Menu

Y.Z. Kami

Y. Z. Kami, Masque mortuaire de Pascal (Pascal’s death masque), 2017 Oil on linen, 75 × 51 inches (190.5 × 129.5 cm)© Y.Z. Kami. Photo: Rob McKeever

Y. Z. Kami, Masque mortuaire de Pascal (Pascal’s death masque), 2017

Oil on linen, 75 × 51 inches (190.5 × 129.5 cm)
© Y.Z. Kami. Photo: Rob McKeever

Y. Z. Kami, Daya in Profile, 2014 Oil on linen, 118 × 80 inches (299.7 × 203.2 cm)© Y.Z. Kami. Photo: Rob McKeever

Y. Z. Kami, Daya in Profile, 2014

Oil on linen, 118 × 80 inches (299.7 × 203.2 cm)
© Y.Z. Kami. Photo: Rob McKeever

Y. Z. Kami, Paul, 2014 Oil on linen, 90 × 54 inches (228.6 × 137.2 cm)© Y.Z. Kami. Photo: Rob McKeever

Y. Z. Kami, Paul, 2014

Oil on linen, 90 × 54 inches (228.6 × 137.2 cm)
© Y.Z. Kami. Photo: Rob McKeever

Y. Z. Kami, Black Dome II, 2014 Acrylic on linen, 72 × 79 inches (182.9 × 200.7 cm)© Y.Z. Kami. Photo: Rob McKeever

Y. Z. Kami, Black Dome II, 2014

Acrylic on linen, 72 × 79 inches (182.9 × 200.7 cm)
© Y.Z. Kami. Photo: Rob McKeever

Y. Z. Kami, Man with Violet Eyes, 2013–14 Oil on linen, 108 × 72 inches (274.3 × 182.9 cm)© Y.Z. Kami. Photo: Rob McKeever

Y. Z. Kami, Man with Violet Eyes, 2013–14

Oil on linen, 108 × 72 inches (274.3 × 182.9 cm)
© Y.Z. Kami. Photo: Rob McKeever

Y. Z. Kami, Marwin, 2013–14 Oil on linen, 108 × 72 inches (274.3 × 182.9 cm)© Y.Z. Kami. Photo: Rob McKeever

Y. Z. Kami, Marwin, 2013–14

Oil on linen, 108 × 72 inches (274.3 × 182.9 cm)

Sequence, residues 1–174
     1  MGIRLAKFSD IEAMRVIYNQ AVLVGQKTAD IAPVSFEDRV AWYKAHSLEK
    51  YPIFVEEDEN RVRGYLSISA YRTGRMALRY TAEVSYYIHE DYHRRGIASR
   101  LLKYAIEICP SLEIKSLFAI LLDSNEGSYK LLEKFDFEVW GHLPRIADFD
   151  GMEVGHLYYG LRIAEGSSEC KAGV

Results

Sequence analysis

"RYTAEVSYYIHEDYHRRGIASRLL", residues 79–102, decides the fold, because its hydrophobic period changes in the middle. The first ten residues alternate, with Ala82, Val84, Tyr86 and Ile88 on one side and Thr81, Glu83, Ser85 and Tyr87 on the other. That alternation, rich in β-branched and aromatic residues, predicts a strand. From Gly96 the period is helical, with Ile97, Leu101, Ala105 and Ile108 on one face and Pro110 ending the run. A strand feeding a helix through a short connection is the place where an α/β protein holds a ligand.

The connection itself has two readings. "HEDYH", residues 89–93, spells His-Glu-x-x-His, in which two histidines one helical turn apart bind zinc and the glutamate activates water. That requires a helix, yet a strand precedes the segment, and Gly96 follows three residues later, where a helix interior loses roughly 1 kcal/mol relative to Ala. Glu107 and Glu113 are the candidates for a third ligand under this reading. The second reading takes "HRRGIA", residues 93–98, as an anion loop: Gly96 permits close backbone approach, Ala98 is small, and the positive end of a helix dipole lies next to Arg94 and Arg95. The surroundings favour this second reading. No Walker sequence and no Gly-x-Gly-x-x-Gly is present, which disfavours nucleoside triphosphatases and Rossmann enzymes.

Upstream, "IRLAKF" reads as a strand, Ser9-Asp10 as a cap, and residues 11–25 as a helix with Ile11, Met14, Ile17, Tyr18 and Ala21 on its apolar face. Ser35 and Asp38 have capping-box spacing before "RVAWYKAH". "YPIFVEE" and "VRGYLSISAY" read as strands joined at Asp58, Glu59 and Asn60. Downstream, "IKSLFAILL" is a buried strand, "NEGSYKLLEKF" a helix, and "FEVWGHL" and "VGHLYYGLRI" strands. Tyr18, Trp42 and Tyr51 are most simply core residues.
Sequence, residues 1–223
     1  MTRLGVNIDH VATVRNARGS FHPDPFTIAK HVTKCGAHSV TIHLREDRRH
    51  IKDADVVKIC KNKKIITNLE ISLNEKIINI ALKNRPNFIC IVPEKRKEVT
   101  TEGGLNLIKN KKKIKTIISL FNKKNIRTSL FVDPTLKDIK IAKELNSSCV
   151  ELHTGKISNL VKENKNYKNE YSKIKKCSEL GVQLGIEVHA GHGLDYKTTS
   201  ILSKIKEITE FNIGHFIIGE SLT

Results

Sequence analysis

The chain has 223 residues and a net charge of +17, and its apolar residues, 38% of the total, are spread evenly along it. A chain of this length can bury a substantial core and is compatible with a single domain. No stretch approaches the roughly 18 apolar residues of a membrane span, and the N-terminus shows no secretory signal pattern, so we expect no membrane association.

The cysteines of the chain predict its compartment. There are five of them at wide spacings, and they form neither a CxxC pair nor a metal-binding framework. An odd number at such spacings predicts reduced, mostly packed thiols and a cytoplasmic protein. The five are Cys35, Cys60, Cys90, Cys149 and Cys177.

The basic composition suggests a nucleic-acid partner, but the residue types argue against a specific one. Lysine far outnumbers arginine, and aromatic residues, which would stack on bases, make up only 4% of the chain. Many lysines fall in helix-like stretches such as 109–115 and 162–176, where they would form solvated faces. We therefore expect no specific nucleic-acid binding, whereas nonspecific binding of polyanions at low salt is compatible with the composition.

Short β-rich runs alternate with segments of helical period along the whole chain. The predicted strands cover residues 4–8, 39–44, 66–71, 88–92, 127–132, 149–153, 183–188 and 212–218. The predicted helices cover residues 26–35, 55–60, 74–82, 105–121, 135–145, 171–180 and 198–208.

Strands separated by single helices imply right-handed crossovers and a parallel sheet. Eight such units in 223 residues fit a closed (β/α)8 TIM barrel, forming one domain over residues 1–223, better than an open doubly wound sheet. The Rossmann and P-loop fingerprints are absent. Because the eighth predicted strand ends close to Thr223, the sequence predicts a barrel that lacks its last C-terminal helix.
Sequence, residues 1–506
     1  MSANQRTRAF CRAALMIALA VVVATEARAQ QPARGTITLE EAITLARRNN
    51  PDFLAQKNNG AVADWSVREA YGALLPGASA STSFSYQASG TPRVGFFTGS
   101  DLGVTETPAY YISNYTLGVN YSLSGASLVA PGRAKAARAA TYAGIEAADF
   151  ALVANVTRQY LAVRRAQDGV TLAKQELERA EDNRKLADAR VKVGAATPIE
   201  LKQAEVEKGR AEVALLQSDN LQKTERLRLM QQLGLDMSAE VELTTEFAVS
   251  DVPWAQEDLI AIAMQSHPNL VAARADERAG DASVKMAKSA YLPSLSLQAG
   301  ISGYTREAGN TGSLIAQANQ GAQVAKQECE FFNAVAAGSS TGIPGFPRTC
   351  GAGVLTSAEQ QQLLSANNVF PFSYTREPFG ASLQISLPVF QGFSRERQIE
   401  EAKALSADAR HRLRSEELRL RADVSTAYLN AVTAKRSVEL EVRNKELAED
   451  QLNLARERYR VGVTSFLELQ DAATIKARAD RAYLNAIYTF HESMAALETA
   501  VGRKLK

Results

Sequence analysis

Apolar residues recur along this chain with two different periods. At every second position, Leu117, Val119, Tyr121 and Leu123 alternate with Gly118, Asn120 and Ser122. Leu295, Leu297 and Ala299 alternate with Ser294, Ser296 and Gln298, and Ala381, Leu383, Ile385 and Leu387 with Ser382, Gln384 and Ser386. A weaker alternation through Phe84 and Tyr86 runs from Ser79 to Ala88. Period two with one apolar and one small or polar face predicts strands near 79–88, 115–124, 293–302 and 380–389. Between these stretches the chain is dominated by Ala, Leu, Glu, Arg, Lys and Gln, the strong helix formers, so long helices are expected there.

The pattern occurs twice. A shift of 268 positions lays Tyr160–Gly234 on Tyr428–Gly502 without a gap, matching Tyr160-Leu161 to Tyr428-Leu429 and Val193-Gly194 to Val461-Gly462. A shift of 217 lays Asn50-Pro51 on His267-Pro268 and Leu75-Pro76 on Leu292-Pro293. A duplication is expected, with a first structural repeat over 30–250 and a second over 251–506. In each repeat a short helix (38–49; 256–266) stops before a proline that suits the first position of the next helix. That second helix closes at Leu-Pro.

© Y.Z. Kami. Photo: Rob McKeever

Y. Z. Kami, White Dome I, 2011–13 Acrylic on linen, 124 × 137 inches (315 × 348 cm)© Y.Z. Kami. Photo: Rob McKeever

Y. Z. Kami, White Dome I, 2011–13

Acrylic on linen, 124 × 137 inches (315 × 348 cm)
© Y.Z. Kami. Photo: Rob McKeever

Y. Z. Kami, Untitled, 2009–12 Oil on linen, 112 × 75 inches (284.5 × 190.5 cm)© Y.Z. Kami

Y. Z. Kami, Untitled, 2009–12

Oil on linen, 112 × 75 inches (284.5 × 190.5 cm)
© Y.Z. Kami

Y. Z. Kami, White Dome IV, 2010 Acrylic on linen, 70 × 77 inches (177.8 × 195.6 cm)© Y.Z. Kami

Y. Z. Kami, White Dome IV, 2010

Acrylic on linen, 70 × 77 inches (177.8 × 195.6 cm)
© Y.Z. Kami

Y. Z. Kami, Untitled, 2010 Oil on linen, 99 × 68 inches (251.5 × 172.7 cm)© Y.Z. Kami

Y. Z. Kami, Untitled, 2010

Oil on linen, 99 × 68 inches (251.5 × 172.7 cm)
© Y.Z. Kami

Y. Z. Kami, Untitled (Hands) I, 2013 Oil on linen, 108 × 72 inches (274.3 × 182.9 cm)© Y.Z. Kami

Y. Z. Kami, Untitled (Hands) I, 2013

Oil on linen, 108 × 72 inches (274.3 × 182.9 cm)
© Y.Z. Kami

Y. Z. Kami, Untitled (Woman in a Green Sweater), 2006 Oil on linen, 132 × 74 inches (335.3 × 188 cm)© Y.Z. Kami. Photo: Rob McKeever

Y. Z. Kami, Untitled (Woman in a Green Sweater), 2006